"These claims can feel particularly unfair, as they transfer all revenue from the creator to the claimant, regardless of the amount of music claimed."
YouTube is tweaking its copyright policy, blocking rights holders from manually monetizing “creator videos with very short or unintentional uses of music.” In a blog post, YouTube announced the change, which will go into effect in mid-September, won’t affect copyright claims filed through content ID, which handles 98% of all claims filed on YouTube, according to the company.
“These claims can feel particularly unfair, as they transfer all revenue from the creator to the claimant, regardless of the amount of music claimed,” YouTube wrote in its announcement. Rights holders will still be able to prevent infringing creators from monetizing videos or block videos their content is played in during manual claims, no matter how long their music is played for, but will no longer be allowed to monetize that content themselves. YouTube notes that rights holders who repeatedly don’t adhere to the new rules will lose access to the company’s manual claiming tool.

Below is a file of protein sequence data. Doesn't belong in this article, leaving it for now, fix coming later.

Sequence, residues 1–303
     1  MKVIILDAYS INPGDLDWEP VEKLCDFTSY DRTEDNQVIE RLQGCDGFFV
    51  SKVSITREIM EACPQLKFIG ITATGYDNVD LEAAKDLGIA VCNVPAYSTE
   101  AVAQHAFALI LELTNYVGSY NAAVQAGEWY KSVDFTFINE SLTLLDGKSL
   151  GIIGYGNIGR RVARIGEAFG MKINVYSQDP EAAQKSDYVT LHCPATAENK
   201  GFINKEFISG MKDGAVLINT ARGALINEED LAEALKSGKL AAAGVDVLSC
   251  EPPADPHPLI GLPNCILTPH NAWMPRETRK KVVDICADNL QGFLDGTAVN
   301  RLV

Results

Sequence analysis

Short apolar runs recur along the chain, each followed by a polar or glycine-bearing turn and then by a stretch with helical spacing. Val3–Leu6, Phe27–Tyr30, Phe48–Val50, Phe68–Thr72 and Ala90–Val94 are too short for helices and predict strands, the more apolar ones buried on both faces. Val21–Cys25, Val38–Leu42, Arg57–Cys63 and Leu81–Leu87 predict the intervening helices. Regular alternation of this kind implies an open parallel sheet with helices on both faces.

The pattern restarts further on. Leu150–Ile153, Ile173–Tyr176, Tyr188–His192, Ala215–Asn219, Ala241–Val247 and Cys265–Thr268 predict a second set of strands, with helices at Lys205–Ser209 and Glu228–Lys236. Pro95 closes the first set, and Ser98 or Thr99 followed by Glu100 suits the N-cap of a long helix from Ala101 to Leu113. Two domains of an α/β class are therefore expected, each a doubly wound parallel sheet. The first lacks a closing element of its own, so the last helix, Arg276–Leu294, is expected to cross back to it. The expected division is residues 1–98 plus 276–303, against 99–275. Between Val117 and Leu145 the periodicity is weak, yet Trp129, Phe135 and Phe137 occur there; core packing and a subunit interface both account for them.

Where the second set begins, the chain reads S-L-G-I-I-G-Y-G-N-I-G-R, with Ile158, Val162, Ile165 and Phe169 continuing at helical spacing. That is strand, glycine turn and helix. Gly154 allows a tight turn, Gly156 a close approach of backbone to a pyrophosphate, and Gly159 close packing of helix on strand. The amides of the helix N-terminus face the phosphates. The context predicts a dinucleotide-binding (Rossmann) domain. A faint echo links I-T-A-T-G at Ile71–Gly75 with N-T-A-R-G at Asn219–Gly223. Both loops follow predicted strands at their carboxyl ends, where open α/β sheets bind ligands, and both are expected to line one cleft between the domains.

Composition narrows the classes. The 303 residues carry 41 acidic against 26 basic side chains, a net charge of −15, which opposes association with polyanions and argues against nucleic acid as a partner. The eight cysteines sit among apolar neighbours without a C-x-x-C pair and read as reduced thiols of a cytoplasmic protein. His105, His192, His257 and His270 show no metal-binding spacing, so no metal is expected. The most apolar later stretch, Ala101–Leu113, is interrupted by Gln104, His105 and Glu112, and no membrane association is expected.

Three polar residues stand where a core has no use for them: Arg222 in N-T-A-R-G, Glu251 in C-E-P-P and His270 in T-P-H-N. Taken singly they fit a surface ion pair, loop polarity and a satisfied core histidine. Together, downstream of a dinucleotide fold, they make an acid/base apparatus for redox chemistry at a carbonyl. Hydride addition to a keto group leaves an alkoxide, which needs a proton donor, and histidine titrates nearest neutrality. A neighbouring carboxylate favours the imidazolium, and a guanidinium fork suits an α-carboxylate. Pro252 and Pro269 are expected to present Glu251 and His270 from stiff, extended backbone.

The move comes after years of fighting between music rights holders -- including the major labels -- and YouTube creators, who believe the music industry has gotten too aggressive in its copyright claims over short clips of music being played in videos. YouTube hasn’t defined “very short or unintentional uses,” but David Rosenstein, YouTube’s director of creator product management told The Verge it’s referring to music that is played for “single digit” seconds.
YouTube thinks the change will ultimately lead to rights holders claiming less videos that infringe for a short amount of time, but the company acknowledged the move will likely initially lead to more blocked videos. “We acknowledge that these changes may result in more blocked content in the near-term, but we feel this is an important step toward striking the right balance over the long-term. Our goal is to unlock new value for everyone by powering creative reuse and content mashups, while fairly compensating all rights holders.”